And this procession of phenomena takes place in the foreground—that is,...

  6. CHAPTER 2 The “Overwhelming Scourge” and the Iliad
    (pp. 59-76)

    Let us recapitulate: In its prophetic context—that is to say, from the standpoint afforded by God’s prophetic announcement about the establishment of the “tested stone,” the “precious cornerstone” that the “Lord God is laying in Zion for a foundation”—Isaiah’s “overwhelming scourge” acquires universal significance. It points to a widespread social or cultural intuition concerning original violence. In Girardian terms, the “overwhelming scourge” is simply the original mimetic crisis: the collective violence that would have annihilated the human community had it not been expelled and sacralized through the unanimous elimination of the victim-god, the victim who becomes a god...

  7. CHAPTER 3 Simone Weil: Between Homer and Christ
    (pp. 77-100)

    What we have said already about Simone Weil and theIliadshould give us a sense of the depth of her vision. At first sight, though, her view of the Gospels, and in particular Christ, as the culmination of the Greek genius may appear rather preposterous. And I have no doubt that in the end, such a view is indeed seriously mistaken. But that does not mean that the two things bear no relationship with each other, if we manage to look at the relationship from the proper perspective. For I do not think that Homer could have understood Christ...

  8. CHAPTER 4 From Virgil to the Modern Era
    (pp. 101-122)

    If human reason alone had ever had the power to undermine the foundation of the victimage mechanism, pagan religion would have disappeared from Greco-Roman civilization before the arrival of Christianity. But pagan reason never had that power. Philosophy and science developed a parallel existence to that of traditional sacrificial religion without changing anything fundamental about it, because, interestingly, there was a generalized feeling that both pursued the same ultimate goal in different ways. Virgil is perhaps the greatest example of such coexistence.¹ These famous verses in theGeorgicscould summarize this whole attitude:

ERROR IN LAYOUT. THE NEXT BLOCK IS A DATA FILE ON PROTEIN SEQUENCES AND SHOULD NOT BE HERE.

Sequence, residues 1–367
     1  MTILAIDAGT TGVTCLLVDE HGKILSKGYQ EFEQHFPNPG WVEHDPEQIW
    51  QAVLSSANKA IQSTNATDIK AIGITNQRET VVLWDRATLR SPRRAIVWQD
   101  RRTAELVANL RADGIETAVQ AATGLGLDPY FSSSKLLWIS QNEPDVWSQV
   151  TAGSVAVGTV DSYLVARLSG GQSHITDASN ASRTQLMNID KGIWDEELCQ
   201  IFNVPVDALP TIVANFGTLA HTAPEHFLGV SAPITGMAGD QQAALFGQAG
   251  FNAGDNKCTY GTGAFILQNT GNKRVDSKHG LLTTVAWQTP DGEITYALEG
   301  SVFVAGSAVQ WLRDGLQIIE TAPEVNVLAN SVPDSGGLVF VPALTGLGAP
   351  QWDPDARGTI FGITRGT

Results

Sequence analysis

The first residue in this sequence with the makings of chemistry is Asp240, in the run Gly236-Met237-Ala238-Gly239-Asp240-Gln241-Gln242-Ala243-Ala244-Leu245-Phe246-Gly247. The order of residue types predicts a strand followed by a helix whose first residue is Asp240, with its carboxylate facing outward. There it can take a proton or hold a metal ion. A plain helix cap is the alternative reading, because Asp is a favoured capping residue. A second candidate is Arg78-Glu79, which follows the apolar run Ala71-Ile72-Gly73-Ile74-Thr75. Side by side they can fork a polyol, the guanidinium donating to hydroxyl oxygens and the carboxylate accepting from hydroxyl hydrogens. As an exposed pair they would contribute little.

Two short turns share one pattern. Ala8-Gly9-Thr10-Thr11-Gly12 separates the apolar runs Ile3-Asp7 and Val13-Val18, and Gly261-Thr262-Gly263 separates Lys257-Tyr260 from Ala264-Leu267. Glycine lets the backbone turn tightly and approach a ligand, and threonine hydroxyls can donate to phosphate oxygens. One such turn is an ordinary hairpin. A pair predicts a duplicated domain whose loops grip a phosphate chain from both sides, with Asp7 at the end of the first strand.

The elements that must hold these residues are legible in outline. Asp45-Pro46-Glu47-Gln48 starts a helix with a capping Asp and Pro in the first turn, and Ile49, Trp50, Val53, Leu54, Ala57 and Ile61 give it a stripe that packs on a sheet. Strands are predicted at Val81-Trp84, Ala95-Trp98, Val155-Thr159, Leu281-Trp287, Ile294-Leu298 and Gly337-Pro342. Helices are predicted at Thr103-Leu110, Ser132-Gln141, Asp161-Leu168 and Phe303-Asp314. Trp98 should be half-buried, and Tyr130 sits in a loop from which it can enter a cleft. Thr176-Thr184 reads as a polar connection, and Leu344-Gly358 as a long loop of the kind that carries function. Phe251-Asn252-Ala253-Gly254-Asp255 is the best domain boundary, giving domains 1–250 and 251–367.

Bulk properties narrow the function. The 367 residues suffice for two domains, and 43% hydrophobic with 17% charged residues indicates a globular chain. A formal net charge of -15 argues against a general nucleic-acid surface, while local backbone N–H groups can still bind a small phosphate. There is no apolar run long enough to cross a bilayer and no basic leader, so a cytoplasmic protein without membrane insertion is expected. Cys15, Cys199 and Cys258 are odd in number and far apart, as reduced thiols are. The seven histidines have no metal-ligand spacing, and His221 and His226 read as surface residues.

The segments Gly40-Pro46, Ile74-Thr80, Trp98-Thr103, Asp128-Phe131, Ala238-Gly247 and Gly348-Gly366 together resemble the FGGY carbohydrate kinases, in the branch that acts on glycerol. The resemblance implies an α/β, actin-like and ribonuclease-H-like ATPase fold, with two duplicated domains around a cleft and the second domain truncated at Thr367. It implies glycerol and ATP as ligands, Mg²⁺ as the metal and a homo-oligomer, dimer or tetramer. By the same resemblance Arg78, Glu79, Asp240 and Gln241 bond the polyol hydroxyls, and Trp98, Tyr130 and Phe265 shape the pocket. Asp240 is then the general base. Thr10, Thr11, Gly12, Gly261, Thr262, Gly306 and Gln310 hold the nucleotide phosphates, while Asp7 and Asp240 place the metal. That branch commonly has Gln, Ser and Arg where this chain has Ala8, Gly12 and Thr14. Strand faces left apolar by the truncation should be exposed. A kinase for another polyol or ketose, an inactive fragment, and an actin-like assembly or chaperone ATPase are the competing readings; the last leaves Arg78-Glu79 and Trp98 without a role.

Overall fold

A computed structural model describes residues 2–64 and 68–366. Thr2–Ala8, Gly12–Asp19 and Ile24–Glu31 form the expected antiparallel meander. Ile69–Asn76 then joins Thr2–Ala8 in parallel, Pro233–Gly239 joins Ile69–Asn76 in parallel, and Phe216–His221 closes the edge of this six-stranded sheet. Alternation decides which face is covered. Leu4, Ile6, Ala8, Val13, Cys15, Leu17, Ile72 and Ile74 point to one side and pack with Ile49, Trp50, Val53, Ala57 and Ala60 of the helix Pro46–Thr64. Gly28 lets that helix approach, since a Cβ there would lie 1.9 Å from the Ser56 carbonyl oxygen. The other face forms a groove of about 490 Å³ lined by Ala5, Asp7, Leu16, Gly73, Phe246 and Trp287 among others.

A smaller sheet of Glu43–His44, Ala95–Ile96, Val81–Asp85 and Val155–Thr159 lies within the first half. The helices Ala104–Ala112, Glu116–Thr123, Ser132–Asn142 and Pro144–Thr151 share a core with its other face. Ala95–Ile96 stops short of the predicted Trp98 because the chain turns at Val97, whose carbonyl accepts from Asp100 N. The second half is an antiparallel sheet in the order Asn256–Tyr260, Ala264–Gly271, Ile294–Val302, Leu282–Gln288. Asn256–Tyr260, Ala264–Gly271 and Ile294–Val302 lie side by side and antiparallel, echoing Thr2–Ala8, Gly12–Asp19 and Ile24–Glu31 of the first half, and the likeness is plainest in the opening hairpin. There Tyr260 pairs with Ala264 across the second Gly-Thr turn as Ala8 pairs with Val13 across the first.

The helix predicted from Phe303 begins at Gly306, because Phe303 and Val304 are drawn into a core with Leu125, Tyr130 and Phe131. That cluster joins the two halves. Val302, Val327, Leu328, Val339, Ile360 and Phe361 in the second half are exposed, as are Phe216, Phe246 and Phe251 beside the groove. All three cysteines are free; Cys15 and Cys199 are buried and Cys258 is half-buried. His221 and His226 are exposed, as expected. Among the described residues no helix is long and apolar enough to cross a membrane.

Felix, qui potuit rerum cognoscere causas,


  9. CHAPTER 5 Fiction Desacralized and Don Quixote’s Madness
    (pp. 123-140)

    Let us recapitulate once again. Christ, the Logos incarnate, liberates reason from the rigid confinement in which it had been kept by the victimage mechanism: unable to break free, or simply terrified to even look beyond its walls, as in the case of the tragedians. Christ broke the stranglehold, gave human reason unprecedented confidence in itself as it faced a world created and sustained by a God who was totally trustworthy, did not play tricks on humans, and actually loved them. Christ finished the work begun by the God of faithful and totally trusting Abraham. Furthermore, together with the liberation...

  10. Epilogue
    (pp. 141-144)

    At the end of these reflections on faith and fiction, I think it is appropriate to consider for a moment mimetic theory itself, without which our reflections would not have been possible.

    There is a paradox at the heart of the mimetic theory. On the one hand, the theory says that there is no such thing as an immediate or direct object of desire. There is nothing out there in the world that is desirable in or by itself. Human beings only desire what other human beings desire. As far as human desire is concerned, if there is true, independent...

  11. Notes
    (pp. 145-154)
  12. Index
    (pp. 155-157)